About Pulau Semakau
With the world’s third highest population density of almost 8,000 people per square kilometre, there’s barely enough space on our tiny island to hold all our trash. And while we don’t usually think about it, our trash needs to go somewhere.
Singapore’s first man-made offshore landfill, Semakau Landfill, is a temporary solution to that problem. It is designed to handle the trash output from Singapore while ensuring that the environment around it is protected.
We went on a behind-the-scenes excursion to Semakau Landfill to see how trash is managed in Singapore, travels across the sea and ends up there. Here are our top 5 discoveries:
1. It’s incredibly scenic
Image credit: @adrielneeee
Just imagine a scene where there are perfect green grass patches and palm trees swaying in the wind. That’s exactly what you’ll see at Semakau Landfill.
Although the word “landfill” probably conjures images of a wasteland rather than scenic views, we were surprised to find a diverse ecosystem of plants and animals thriving on the adjoining island of Pulau Semakau.
2. Join an intertidal walk and see corals and water spiders
The unpolluted waters and undisturbed nature make Pulau Semakau habitable for a diverse range of marine life such as crabs, starfish, and corals.
To avoid harming these creatures, a limited number of visitors are allowed on the island each year. We were lucky to be among them and have the chance to learn more about the ecosystem.
Here are a few of the (possibly rare) animals we saw!
Be careful when handling the fragile crabs
A water spider that *might* have been venomous
Go all David Attenborough as you narrate the story of a crab leaving its home
Note: Always walk in a straight file behind the guide and watch where you’re stepping ‘cause you wouldn’t want to be labelled as a mass murderer, trampling on the colonies of living things.
3. Look out for Singapore’s tallest bird – a 1.2 metre tall Great-billed heron – and other rare birds
Unfortunately we didn’t get to see a Great-billed Heron, but you might get lucky! Image credit
Lined by the calm sea on the right and quiet undergrowth on the left, the peaceful environment is conducive for bird-watching. Our guide, an avid veteran bird-watcher with quick eyes, managed to identify the species of birds that whizzed past.
Apparently, this is one of the best places to bird-watch in Singapore – it’s home to a 1.2-meter tall Great-billed Heron, Singapore’s tallest bird! A grand total of 66 – and counting – species of birds have so far been spotted on Semakau Landfill and Pulau Semakau.
An impermeable membrane that lines the landfill and the wastewater treatment plant on Semakau Landfill prevents harmful substances from leaking into the surrounding waters. Sea creatures such as turtles and otters are often spotted in the clear waters surrounding Semakau Landfill and Pulau Semakau.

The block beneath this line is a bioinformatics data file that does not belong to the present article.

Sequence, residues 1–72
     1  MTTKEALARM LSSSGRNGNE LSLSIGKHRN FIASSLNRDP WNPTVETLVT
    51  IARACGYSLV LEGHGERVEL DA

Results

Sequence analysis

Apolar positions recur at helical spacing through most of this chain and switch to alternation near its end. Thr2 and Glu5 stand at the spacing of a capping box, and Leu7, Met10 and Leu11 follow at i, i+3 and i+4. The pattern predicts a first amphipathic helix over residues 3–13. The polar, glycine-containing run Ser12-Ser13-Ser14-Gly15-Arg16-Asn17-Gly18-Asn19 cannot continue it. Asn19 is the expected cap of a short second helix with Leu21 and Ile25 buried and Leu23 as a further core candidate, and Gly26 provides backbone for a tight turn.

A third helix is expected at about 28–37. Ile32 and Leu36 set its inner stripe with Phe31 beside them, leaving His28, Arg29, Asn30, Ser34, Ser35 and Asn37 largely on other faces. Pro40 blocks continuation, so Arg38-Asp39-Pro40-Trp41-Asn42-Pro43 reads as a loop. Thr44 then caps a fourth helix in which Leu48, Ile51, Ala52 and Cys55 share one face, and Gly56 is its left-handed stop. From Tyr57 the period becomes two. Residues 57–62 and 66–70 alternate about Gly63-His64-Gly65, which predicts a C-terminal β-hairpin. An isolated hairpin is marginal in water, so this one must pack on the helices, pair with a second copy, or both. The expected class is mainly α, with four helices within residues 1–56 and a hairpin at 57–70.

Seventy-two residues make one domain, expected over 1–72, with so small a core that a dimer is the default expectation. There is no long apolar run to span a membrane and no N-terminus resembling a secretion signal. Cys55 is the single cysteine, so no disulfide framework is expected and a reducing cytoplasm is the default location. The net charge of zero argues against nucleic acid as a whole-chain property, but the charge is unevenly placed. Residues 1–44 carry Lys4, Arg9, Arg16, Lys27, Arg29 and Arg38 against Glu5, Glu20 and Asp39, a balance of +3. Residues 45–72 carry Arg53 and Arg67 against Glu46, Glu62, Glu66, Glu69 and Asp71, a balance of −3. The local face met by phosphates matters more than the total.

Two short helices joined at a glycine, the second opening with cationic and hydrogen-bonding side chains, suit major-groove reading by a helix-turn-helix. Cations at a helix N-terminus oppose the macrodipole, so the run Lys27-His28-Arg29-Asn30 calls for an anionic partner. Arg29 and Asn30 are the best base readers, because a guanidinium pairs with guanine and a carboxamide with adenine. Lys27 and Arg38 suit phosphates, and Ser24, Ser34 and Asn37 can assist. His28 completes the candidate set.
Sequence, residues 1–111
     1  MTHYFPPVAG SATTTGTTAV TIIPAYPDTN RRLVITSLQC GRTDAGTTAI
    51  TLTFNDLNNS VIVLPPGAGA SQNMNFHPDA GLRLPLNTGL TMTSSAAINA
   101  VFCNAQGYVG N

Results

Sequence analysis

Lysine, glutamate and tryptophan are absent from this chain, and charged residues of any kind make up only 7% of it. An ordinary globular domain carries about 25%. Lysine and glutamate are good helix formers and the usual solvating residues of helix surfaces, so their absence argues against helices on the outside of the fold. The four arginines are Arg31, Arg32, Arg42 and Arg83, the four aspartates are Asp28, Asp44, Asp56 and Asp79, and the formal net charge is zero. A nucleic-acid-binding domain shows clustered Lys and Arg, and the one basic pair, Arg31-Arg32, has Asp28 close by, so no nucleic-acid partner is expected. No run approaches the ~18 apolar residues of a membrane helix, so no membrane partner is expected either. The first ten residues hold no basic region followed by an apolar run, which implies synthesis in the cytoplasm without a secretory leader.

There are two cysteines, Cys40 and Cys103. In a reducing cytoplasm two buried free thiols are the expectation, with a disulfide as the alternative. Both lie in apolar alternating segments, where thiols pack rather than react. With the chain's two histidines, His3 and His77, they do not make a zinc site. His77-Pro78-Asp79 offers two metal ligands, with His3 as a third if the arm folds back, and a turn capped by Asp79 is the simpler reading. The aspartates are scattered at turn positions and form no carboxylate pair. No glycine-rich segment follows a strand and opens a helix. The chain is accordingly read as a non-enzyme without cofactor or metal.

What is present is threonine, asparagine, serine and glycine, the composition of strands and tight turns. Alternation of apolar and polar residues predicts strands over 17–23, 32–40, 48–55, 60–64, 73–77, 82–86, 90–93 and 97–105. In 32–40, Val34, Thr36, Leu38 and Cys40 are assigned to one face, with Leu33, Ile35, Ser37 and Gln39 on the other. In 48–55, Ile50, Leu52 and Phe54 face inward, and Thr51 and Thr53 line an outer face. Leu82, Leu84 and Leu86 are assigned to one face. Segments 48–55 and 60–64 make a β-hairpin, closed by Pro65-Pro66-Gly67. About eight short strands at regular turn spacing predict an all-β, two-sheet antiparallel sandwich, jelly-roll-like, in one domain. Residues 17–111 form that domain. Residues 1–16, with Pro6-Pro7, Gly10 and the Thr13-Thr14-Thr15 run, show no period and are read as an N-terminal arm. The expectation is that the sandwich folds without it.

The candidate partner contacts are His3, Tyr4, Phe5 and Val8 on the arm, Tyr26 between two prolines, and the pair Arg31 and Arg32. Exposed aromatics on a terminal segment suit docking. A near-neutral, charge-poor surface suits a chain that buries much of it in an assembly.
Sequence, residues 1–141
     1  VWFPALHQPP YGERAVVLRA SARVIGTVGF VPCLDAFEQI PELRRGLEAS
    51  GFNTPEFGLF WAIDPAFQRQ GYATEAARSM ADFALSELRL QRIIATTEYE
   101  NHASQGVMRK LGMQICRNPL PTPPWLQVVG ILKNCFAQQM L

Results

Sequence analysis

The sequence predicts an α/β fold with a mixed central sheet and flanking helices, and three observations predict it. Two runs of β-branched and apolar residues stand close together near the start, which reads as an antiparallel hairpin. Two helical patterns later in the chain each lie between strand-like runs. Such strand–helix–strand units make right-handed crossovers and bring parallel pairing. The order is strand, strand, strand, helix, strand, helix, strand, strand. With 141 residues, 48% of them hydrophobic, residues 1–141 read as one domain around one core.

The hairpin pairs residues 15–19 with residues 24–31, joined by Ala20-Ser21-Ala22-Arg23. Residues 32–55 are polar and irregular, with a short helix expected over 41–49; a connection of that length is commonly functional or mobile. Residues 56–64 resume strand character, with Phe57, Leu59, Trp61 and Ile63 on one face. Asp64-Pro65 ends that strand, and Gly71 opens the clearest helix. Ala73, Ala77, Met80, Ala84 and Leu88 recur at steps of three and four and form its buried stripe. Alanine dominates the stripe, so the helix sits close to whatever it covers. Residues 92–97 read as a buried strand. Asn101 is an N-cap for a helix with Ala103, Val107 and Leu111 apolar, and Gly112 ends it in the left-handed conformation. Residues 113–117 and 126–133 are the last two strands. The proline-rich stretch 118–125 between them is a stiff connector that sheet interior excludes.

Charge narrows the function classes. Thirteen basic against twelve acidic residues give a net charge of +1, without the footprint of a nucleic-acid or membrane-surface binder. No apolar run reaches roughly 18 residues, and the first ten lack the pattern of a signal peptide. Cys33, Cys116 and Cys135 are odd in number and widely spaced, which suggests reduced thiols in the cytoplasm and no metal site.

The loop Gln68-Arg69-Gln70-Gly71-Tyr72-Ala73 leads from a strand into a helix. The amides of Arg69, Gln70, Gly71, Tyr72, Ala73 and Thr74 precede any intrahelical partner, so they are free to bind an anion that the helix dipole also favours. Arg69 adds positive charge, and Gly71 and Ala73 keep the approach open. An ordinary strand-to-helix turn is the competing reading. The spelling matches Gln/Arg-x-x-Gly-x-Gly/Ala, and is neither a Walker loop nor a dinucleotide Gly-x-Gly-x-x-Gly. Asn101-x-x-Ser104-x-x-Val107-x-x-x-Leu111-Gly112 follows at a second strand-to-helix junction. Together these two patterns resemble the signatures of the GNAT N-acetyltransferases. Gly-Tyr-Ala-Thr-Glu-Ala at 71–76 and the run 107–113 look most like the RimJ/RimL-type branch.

4. There’s a floating fish farm right beside Semakau Landfill
Contrary to popular belief that landfills are dirty and cause pollution, you can actually find fish-rearing just off the coast of Semakau Landfill. There’s a floating fish farm where restaurants and amateur household cooks order their seabass from – fresh out of the sea.
There are sometimes also tertiary students on this little man-made island helping out with harvesting and learning about conservation.
5. Dumping 101 – waste disposal, not of the toilet kind
As part of the Semakau Landfill tour, we got an exclusive peek into the process of waste disposal.
The last we see of our trash is right before we toss it into the refuse chute. But trash doesn’t magically disappear into a black hole in the chute. The waste is collected and sent to waste-to-energy plants for incineration. This incineration ash is then sent to Tuas Marine Transfer Station, where it is loaded onto barges and transported to Semakau Landfill.
The tour took us to the Transfer Building at Semakau Landfill where large excavators transfer waste from the barge onto dump trucks. We were expecting a strong putrid smell of trash to waft through the building, but it was filled with a mild burnt smell instead.
Incineration ash is tipped into the giant landfill cell from the Floating Platform (not open to public) and evenly distributed.
Image credit: National Environmental Agency
An onsite wastewater treatment plant ensures excess water displaced by the ash and rainfall is treated to meet the Trade Effluent Discharge Standards before being discharged into the open sea.
A landfill might sound like a scene straight out of Mad Max – a barren land with absolutely nothing but dust on stone. But Semakau Landfill shows the world that with good planning and management, nature can coexist with a landfill.
Why we need to Reduce | Reuse | Recycle
We might have the most advanced technology to manage Singapore’s waste output, but all things have a limit.
In 2016, Singapore sent about 800,000 tonnes of non-incinerable waste and incineration ash to Semakau Landfill. At the rate we are sending waste there, Semakau Landfill will run out of space by 2035. We can’t just keep looking for new landfill sites to keep up with the amount of waste we’re producing.
To progressively lengthen the lifespan of Semakau Landfill, we need to adopt the principles of the 3Rs – Reduce, Reuse, Recycle. This way, Singapore’s waste output can be hills instead of mountains.
You can sign up to go visit Semakau Landfill and learn more for yourself here.
This post is part of a collaborative effort with NEA.